Covid law changes after objection over school mask, certificates
Parliament’s health committee has tweaked the new Covid draft law after the State Council – Luxembourg's de-facto upper chamber – objected to elements of the bill that will set out the new health measures to fight the pandemic after 15 September.
In an opinion released on Tuesday the State Council took aim at the government's proposal to give the head of the health directorate the power to recognise non-EU countries’ health certificates, such as the United Kingdom's NHS Covid app. The Upper Chamber - whose opinion is not binding - said that power would be unconstitutional.
The Council also said that if a pupil or teacher tests positive for the virus, the others should be forced to wear a mask for seven days from the last day the infected person was in school. This should also apply to people who shared a lecture hall with the infected person, the Council added.
It is rare for the State Council to raise formal objections to the government's Covid laws. Parliament's health committee has adopted both changes, clearing the way for lawmakers to vote on it before the current set of rules expires on 15 September.
Luxembourg will keep its current public health measures largely unchanged as the country prepares for the new school year, Prime Minister Xavier Bettel and Health Minister Paulette Lenert said last week.
The government will keep the CovidCheck system which grants access to restaurants, bars and sports venues to people who are either vaccinated, have recovered from the disease or tested negative. People who need to go into hospital, either as a patient or as a visitor, also need to abide by those rules, the new Covid law says.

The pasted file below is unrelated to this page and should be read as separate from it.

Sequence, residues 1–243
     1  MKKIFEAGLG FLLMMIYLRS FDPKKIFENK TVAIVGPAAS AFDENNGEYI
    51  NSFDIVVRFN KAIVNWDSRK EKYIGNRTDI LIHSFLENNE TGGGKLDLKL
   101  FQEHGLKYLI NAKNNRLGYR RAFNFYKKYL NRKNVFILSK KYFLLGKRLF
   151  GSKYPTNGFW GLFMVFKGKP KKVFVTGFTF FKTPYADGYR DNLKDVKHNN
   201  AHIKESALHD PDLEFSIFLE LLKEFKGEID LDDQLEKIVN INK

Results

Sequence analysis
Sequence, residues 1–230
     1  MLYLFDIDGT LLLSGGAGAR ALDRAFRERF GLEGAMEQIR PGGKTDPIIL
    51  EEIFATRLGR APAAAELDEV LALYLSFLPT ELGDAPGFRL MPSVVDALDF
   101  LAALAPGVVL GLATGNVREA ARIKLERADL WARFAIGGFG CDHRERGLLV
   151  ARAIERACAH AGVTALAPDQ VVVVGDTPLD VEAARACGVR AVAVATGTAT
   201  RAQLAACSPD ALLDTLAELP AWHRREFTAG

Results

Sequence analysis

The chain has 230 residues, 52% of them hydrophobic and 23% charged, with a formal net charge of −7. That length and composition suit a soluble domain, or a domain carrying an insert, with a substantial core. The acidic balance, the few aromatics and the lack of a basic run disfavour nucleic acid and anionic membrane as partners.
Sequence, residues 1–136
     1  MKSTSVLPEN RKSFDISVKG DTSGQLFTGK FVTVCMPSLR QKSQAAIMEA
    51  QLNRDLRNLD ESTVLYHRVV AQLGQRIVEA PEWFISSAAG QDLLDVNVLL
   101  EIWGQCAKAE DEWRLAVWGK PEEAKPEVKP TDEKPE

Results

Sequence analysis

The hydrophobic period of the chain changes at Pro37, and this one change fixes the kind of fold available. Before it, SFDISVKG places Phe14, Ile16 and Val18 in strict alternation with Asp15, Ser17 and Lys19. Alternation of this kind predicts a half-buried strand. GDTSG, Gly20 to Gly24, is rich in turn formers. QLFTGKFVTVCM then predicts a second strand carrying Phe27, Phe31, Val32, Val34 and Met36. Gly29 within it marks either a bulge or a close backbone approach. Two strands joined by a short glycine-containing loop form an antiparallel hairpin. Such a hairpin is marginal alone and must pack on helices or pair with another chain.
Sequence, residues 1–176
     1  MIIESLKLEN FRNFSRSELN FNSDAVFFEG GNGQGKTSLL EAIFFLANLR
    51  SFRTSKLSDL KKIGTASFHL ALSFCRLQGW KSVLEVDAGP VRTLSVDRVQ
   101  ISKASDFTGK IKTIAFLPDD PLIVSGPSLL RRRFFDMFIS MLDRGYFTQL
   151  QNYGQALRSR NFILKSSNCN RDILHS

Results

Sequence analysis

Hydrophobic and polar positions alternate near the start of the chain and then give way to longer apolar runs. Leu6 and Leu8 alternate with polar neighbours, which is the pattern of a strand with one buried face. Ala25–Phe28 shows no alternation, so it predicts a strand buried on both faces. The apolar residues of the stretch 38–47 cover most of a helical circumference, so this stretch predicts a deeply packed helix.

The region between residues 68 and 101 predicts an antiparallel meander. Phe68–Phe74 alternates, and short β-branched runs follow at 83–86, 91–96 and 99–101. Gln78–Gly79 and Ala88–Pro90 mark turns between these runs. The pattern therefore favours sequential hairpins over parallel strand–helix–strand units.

However, unvaccinated people will have to pay for PCR tests themselves from 15 September onwards, which is when the country's free large-scale-testing scheme ends.
As every Luxembourg resident has had a chance to get a Covid-19 vaccine, Bettel called for a "paradigm shift", saying that "we can no longer justify that the general public pays for PCR [tests] for people who do not want to get vaccinated".
"We hope that through this new measure a lot of people will tell themselves that vaccinations are more convenient", Bettel said.
This prompted the country's Consultative Commission on Human Rights (CCDH) to warn about a divided society in an opinion released on Wednesday.
"The CCDH fears that non-free PCR tests could discriminate against people based on their health, their financial situation or based on their beliefs and therefore risks to split society and exacerbate inequalities", the opinion said.
Tests should remain free for people who cannot get the jab for medical reasons and to those who need to go into hospital, the CCDH said, adding though that refusing the vaccine for non-medical reasons does not show solidarity towards society.
The new Covid law has to go to vote in parliament Tuesday at the latest as the current legislation expires the following day.